An interesting case of perfmon captures came to me last week. The original question was "What is causing the intermittent extremely high disk latency?" The graph immediately below shows read and write service times, measure in the VM guest in 30 second perfmon captures. The guest is a 4 vcpu VM in ESXi 5.5, running SQL Server 2012.
The blue is the read service time average... in full seconds! And the red is write service time average - again in full seconds!!
That's some astoundingly high disk latency!! Let's walk through some typical analysis to see if a potential cause becomes clear.
First I see that a single outlier in read service time results in the difference between the sec/read axis label and the sec/write axis label. By eliminating that outlier, I can graph both read and write service times on the same scale. With read and write latency on the same scale, its more evident that read and write latency are typically elevated in the same perfmon intervals. Some performance problem spots can cause read and write service time elevation, some will only trouble writes, and some will only trouble reads. (It's trickier than seems at first glance to recognize these as it sometimes requires splitting graphs for activity vs latency per WIndows logicalDisk or physicalDisk - or even aggregating those numbers for an individual adapter port/vHBA.) But in this case, it looks like both read and write performance are disrupted by something (or maybe somethings).
The writes from this server are going to external storage with write cache. Read performance problems are almost always accompanied by write performance problems in this sample. So I'll continue by focusing on the write behavior.
Perhaps write throughput in IOPs or bytes/sec is correlated to the write service time? Nope, doesn't appear to be.
What about total IOPs or total bytes/sec? Hmmm. Those look slightly better... maybe.
Now - what if I had looked just at the busiest times to try to diagnose the issue? The way that the yellow-shaded areas look below, if I narrowed my scope too early to busy disk times, I may certainly have pursued some type of performance issue related to total throughput.
But, looking back again at the entire timeperiod, total bytes/sec doesn't do much to help understand the green-shaded portion - where disk throughput is very low but disk latency is intermittently intolerable.
What about disk queuing? That's one of my favorites to blame! Nope. Not this time.
Now, to be really thorough, each of those cases should be considered on a Windows volume basis. I won't drag you through that today, though :-)
And of course, noisy neighbor is always a possibility. Could be at ESXi host level, or at shared storage due to another tenant there. Could even be intermittent errors from something in the server or outside the server but in the storage path. With service times *this* high, some type of error condition and SCSI timeouts would actually be a solid suspicion. But that's not where we're going today. either.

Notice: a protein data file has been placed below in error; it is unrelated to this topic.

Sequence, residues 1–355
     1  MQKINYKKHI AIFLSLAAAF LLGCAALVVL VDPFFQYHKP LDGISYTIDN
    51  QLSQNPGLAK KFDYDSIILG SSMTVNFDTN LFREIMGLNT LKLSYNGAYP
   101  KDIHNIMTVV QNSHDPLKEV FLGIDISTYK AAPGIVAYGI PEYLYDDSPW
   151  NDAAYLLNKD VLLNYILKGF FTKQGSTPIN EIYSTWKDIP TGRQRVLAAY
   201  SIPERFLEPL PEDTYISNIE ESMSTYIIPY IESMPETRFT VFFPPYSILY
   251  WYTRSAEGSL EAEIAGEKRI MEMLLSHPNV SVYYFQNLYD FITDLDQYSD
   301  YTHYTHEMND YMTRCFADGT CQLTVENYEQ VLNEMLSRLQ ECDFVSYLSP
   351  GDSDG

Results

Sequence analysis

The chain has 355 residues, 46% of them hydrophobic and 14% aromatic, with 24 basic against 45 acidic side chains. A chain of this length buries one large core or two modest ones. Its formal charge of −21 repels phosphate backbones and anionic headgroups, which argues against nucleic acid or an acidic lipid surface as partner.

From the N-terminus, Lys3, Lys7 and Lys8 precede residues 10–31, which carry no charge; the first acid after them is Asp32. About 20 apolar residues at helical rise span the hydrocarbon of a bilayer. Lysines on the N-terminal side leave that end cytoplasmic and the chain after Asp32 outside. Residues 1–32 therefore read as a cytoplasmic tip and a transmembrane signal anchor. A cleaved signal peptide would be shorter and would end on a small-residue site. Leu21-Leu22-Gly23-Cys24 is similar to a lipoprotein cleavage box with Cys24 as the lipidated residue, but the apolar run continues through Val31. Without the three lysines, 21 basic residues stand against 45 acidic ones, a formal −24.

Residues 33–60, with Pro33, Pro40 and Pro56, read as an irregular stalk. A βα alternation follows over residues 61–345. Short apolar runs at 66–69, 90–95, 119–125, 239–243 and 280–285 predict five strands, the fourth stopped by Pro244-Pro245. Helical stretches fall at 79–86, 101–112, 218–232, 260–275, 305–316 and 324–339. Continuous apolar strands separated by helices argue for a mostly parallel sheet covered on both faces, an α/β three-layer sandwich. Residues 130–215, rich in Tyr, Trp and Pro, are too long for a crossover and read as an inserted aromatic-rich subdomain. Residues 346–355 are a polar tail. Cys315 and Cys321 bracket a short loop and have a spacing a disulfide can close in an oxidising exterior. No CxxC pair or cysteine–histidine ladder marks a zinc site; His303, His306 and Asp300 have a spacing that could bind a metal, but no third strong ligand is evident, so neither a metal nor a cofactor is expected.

OK. Let's look at write latency against CPU utilization on the VM. Hmmm. Seems I could split that into a very idle period of time until about 2:45 am, a busy time from 2:45 am to about 4:00 am, and another very idle time from 4:00 am on.
I'll actually split those graphs apart. Here's 12:30 pm on February 1 to 2:44 am on February 2.
Here's 2:45 am to 4:00 am.
And here's 4:00 am onward. That's an interesting wave in the graph - reminds me of "The Outer Limits" intro.
Let's zero in on a chunk of time from the first period - a little more than 2 hours. Now that we look more closely.... hey!!! got an "Outer Limits" wave here, too. I look at a *lot* of perfmon data. In my professional opinion, that's weird.
OK, zoom in a little more, on those latency Alps.
Let's pick a peak.
Yep, that's totally weird. Does it make any more sense if we look at individual vcpus? (Remember - in your VM everything is software. The scsi adapter is emulated within the VM, the NIC is emulated in the VM, etc)
Rats. That was a really good idea, too. Nothin'. Or....
(I want to call attention to the change in maximum axis value for CPU utilization. I nearly *always* use 100% as the maximum value, In these last two graphs I've used a maximum value of 24% because utilization of each of the 4 vcpus is really low and I felt it made the graphs slightly more readable.)
Hey!! Perfmon was collecting 30 second samples. But two intervals after 2:06:22 is 2:07:52 rather than 2:07:22. The system lost 30 seconds in the span of a minute. And two intervals past 2:07:52 is 2:11:22 - the system lost 150 seconds in a minute?
Here's an important maxim: perfmon is only as reliable as the system clock of its accounting.
Its pretty rare these days for a physical server to drift much. Occasionally time may be corrected after crossing a tolerance threshold. But this vm seems to have a system clock that is often slowing way down - and then being abruptly corrected. The abrupt corrections result in lost time. There are a number of reasons time on a system may drift. In this case, I suspect that the VM is syncing time with the host rather than syncing time with an NTP source. Maybe time is drifting even on the ESXi host?
If I find out the exact nature of the system clock problem here, I'll update the post. Usually its enough to nudge the virtualization admins about the system clock - so I may not hear back once its fixed.
I titled this post "Performance Problem PLUS" intentionally. This VM still won't have great disk service times once the system clock is fixed - but the extreme outliers should be gone. It would be flying blind to try to characterize a performance problem from perfmon if the clock can't be trusted. So... fixing any remaining performance issues will have to be a story for another day.
Some extra reading in case you happen on one of these cases yourself...
Timekeeping in VMware Virtual Machines
VMware vSphere 5.0, Workstation 8.0, Fusion 4.0